Hutchins,

but the newly-renamed search engine has now crafted agreements with

a number of high powered players, including Netscape, AOL, AltaVista,

Lycos, and Yahoo!, the mightiest search engine of all. Overture’s

paid listings appear on all of those websites.

Getting prime placement in search engine results is imperative for

all websites — except, perhaps, those belonging to secret

societies.

But that is not all there is to website success. Here are some more

tips from Hutchins.

Don’t put anything in the way of your goal.

"Fundamentally,

it all comes down to what the basic function of a website should be

in terms of what you want your users to do," Hutchins says. If

you want them to buy, make it easy. One of his clients,

TaylorsTreasures,

an E-tailer of sensitive skin products, has just a handful of

products,

but made potential customers use a shopping cart. This element added

5 to 10 steps to the buying process. "We put the order form on

the same page as the catalog, and cut it down to one or two,"

Hutchins says.

The same principle applies to sites whose purpose is increasing a

company’s contacts. Make it easy for potential clients to get in touch

with you. Many sites direct users to fill in an E-mail form to request

information, but "people don’t like that," Hutchins says.

The big, blank space stops them cold. "They prefer a form,"

he says. "People like to be prompted, to be told what to do."

There is a tendency for website owners to think "`I’m not really

asking that much. Just write an E-mail,’" Hutchins says. But this

approach can be fatal. "The easier you make it," he says.

"The more response you’ll get."

Create reasonable expectations for your website.

"Expectations

for a website tend to be too high or too low," Hutchins says.

Some new website owners put the things up just because they are

embarrassed

when clients ask for their company’s web address, and they don’t have

one. They tend to expect little or nothing from the website. Others

expect the Internet presence to create a windfall.

A better approach is to consider a website to be a part of a total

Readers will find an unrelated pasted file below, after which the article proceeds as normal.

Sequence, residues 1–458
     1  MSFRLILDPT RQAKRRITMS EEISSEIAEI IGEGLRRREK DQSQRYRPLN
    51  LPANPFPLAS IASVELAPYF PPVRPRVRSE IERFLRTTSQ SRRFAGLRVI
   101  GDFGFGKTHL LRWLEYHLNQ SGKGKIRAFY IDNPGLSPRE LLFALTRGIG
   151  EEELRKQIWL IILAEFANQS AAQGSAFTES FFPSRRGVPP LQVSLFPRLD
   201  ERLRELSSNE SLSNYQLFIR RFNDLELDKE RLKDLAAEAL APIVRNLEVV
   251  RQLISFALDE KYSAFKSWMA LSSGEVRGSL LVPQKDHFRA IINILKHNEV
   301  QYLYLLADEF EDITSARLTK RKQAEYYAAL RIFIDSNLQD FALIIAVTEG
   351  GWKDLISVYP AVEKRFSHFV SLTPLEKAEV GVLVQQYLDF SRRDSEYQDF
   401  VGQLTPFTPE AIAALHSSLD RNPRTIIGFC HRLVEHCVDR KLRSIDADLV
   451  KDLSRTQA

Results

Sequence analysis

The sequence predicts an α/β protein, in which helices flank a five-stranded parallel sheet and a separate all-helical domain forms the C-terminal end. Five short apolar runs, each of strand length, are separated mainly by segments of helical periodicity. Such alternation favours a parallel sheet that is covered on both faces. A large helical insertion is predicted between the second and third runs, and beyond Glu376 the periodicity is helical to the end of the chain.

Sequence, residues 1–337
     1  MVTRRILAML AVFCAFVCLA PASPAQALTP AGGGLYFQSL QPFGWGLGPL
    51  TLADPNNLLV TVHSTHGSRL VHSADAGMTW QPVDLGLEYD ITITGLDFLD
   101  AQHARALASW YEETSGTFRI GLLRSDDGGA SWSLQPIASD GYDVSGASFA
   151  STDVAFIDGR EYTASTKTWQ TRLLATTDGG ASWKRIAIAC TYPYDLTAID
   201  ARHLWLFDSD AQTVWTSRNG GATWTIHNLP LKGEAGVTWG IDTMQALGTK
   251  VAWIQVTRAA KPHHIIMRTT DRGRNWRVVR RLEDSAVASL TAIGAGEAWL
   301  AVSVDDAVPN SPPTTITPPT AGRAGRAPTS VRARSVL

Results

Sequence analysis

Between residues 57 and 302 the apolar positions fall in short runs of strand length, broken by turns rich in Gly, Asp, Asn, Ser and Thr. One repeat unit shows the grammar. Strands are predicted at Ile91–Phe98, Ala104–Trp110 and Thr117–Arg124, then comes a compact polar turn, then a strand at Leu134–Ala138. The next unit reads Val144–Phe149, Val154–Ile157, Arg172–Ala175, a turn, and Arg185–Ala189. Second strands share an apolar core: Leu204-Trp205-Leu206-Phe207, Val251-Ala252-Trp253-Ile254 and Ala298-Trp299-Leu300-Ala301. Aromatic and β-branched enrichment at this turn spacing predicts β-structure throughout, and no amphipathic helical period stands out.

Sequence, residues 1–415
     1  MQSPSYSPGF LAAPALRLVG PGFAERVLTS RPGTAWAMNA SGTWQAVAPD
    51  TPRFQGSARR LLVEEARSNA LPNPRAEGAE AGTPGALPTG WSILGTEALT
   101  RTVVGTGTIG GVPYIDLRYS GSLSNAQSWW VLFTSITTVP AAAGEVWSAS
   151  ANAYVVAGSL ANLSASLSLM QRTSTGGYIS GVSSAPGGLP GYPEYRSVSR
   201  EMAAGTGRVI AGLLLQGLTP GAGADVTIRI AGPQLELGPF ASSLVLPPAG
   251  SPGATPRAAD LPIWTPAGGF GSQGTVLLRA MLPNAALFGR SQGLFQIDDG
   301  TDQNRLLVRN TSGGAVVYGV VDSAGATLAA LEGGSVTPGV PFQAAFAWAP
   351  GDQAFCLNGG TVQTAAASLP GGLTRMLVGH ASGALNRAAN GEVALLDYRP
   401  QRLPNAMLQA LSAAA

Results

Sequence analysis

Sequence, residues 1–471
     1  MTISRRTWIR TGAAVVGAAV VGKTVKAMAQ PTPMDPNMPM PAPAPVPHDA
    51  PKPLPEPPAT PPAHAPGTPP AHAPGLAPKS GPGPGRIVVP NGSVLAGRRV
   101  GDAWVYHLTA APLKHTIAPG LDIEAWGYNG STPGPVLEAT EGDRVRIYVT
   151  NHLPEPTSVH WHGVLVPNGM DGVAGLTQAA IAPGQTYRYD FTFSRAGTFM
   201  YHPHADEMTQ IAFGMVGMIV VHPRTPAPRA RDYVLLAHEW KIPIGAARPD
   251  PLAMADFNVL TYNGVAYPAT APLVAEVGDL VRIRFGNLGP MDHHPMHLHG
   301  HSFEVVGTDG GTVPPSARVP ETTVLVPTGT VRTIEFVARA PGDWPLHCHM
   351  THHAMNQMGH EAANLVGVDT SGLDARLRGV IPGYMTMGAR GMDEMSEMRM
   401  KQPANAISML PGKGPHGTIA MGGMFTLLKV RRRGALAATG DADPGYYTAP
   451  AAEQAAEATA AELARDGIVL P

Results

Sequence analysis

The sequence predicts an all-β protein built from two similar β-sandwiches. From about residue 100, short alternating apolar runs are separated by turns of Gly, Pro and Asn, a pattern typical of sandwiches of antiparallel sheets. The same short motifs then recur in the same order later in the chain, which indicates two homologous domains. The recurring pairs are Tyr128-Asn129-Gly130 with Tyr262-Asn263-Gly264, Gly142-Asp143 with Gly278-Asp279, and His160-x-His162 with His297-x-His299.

marketing plan and to measure how well it is doing in relation to

other tools. It is now possible to determine how many users visit

a site, where they clicked to get there, what they do on the site,

how often they return, and whether they make a purchase or abandon

a full shopping cart.

Use these tools continually to evaluate how the website is doing,

and to guide adjustments. "If you have a new product, but no one

is looking at it," he says, "move it up to where it will get

attention." And if you are paying for a banner ad on another site,

but few visitors are clicking over to you from that site, consider

dropping the ad.

Simplify to get more traffic. The best websites are clear,

concise, and streamlined. The same qualities that make these websites

easy to navigate secures them high search engine rankings.

"Writing

for search engines is the same as writing for people," Hutchins

says. Most surfers type in a company name, perhaps Discount Realty,

or the name of a service and some geographical markers, something

like Princeton, New Jersey, real estate. If neither of these search

queries brings up Discount Realty’s site, the company has wasted its

website development dollars, says Hutchins. The best way to avoid

Internet anonymity, he says, is simply to put the company name in

the website’s title line and to add a description of what the company

does. In the case of TaylorsTreasures this meant adding the words

"sensitive skin" to the title line. "

Some search engines go beyond the home page in figuring out what a

website is all about, but many more just stop there. This makes that

page critically important. The key words used on the home page must

reinforce what the company does, and thereby earn the site a higher

search engine ranking.

Paying for placement is one way to get to the top of the pile, but

paid listings often appear off to the side, or in a tint box, while

many surfers look only at listings in the main section of the search

results page. So, even with paid listings becoming more prevalent,

it is important to have a website that will secure high placement

in unpaid listings.

Link with your friends. While most visitors will arrive

at your website through search engines, others can be brought from

links on other sites. Exchanging links with other sites is an

excellent

way to build traffic, Hutchins says. Sites that sell products should

have links from the companies that manufacture those products. Sites

belonging to accountants or architects can have links from their

professional

associations.

"I could exchange links with a networking company," Hutchins

says. "We’re in the same industry, but we don’t compete."

Breaking a "real world" taboo, Hutchins says even competitors

may benefit from linking to each other.

Again, the goal is to get results from the website. That, says

Hutchins, must be the guiding principle behind every decision relating

to an Internet presence. "People don’t go on your site to see

that cute animation," he says. "You need to keep in mind what

they’re there for, what you want to get across. It has to be fast,

and it has to be flawless."

Top Of Page
Key Issues in Planned Giving

The Gift Planning Council of New Jersey — of which

the Princeton Area Planned Giving Council is a part — celebrates

its 10th anniversary this year. The organization was started by a

small group of planned-giving professionals and attorneys and now

has a membership of 157. Members are employed by universities, arts

and social service organizations, hospitals, law firms, and financial

institutions.

On Thursday, April 18, at 8 a.m. the council holds its seventh annual

Conference on Gift Planning at the Merrill Lynch Conference and

Training

Center. Cost: $225. Call 609-585-6871.